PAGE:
If you missed the Gatlinburg (TN) Scottish Festival & Games back in May, or can’t wait till November for the Scottish Clans of the South to gather in Hendersonville, NC, don’t panic. The Grandfather Mountain Highland Games in Linville, NC is the largest assembly of Scottish clan society members in the world, and it’s coming up July 12-15.
Scottish-Americans, Scotch-Irish Americans, Scots and would-be Scots converge each year on two rock-strewn pastures, known as MacRae Meadows, in the shadow of the tallest peak in the Blue Ridge chain, the 5,964-ft. Grandfather Mountain.
Dancing, running, throwing large poles and bragging about one’s Scottish ancestry-it’s all part of a day’s work at highland games.
The centuries old Scottish tradition of staging competitions at cattle fairs continued when Scottish immigrants came to North Carolina in the 18th century. The newcomers felt at home in the North Carolina mountains, and descendants of these pioneers continued to speak Gaelic into the early 20th century.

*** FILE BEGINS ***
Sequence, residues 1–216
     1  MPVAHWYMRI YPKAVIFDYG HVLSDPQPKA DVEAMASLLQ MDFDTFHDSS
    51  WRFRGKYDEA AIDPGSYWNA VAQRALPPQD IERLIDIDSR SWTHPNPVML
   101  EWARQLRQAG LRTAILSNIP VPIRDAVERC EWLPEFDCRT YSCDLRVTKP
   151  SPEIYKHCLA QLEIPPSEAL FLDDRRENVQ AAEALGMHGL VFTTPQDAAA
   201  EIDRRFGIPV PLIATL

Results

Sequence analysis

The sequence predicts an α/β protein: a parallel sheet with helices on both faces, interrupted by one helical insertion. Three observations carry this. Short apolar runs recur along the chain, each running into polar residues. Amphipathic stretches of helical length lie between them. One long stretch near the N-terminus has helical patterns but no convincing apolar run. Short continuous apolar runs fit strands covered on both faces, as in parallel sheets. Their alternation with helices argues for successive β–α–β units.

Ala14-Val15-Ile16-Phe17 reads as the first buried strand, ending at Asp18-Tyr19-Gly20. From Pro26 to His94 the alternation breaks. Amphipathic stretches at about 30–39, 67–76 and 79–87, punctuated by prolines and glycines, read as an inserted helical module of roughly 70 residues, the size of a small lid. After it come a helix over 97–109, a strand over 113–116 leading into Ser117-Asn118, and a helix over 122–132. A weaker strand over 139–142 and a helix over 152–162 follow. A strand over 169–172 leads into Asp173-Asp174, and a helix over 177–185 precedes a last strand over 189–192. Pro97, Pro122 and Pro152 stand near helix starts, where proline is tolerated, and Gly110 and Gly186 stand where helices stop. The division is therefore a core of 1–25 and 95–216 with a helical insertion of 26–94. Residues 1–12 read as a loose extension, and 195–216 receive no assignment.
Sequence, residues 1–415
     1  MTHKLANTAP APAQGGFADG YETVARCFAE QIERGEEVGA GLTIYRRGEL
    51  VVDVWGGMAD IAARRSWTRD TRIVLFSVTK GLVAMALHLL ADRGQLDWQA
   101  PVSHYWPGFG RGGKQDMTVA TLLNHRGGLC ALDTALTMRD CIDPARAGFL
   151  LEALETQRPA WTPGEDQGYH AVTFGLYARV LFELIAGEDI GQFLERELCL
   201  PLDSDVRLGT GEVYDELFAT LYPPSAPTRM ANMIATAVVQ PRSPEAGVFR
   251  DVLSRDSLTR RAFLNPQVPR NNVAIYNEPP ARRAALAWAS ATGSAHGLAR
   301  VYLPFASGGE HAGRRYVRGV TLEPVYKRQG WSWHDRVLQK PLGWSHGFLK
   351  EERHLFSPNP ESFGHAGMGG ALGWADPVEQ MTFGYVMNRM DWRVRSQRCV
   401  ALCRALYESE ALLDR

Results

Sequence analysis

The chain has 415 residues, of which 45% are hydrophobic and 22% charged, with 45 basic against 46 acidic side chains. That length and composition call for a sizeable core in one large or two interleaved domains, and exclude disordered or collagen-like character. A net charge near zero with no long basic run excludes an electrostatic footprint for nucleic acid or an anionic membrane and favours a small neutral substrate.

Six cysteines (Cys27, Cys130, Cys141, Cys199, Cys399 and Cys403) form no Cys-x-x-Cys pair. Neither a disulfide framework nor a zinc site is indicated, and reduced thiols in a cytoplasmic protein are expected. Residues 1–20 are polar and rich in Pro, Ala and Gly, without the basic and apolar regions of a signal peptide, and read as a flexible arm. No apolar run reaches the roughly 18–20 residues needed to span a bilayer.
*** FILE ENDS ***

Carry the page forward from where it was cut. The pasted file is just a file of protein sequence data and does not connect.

Scottish heavy athletics events include Clachneart (16 lb. stone throw), 22 lb. hammer throw, 28 & 56 lb weight throw, 56 lb toss for height, caber toss, tossing the sheaf (16 lb.) and Highland wrestling.
The caber toss is a contest in which brawny men flip 21-foot (6.4-meter) wooden poles weighing hundreds of pounds end over end. If you imagine that the brawny man is standing in the center of a clock face looking toward the number 12, the objective of the caber toss is to make the pole land so that it’s pointing exactly at high noon.
Putting the pole squarely on the imaginary 12 is extremely difficult, however. Sometimes years pass before a contestant nails a caber toss with a perfect landing. More likely, a contestant who can get his caber to point to 11 or 1 on the imaginary clock will win. The first recorded caber toss competition was in 1574.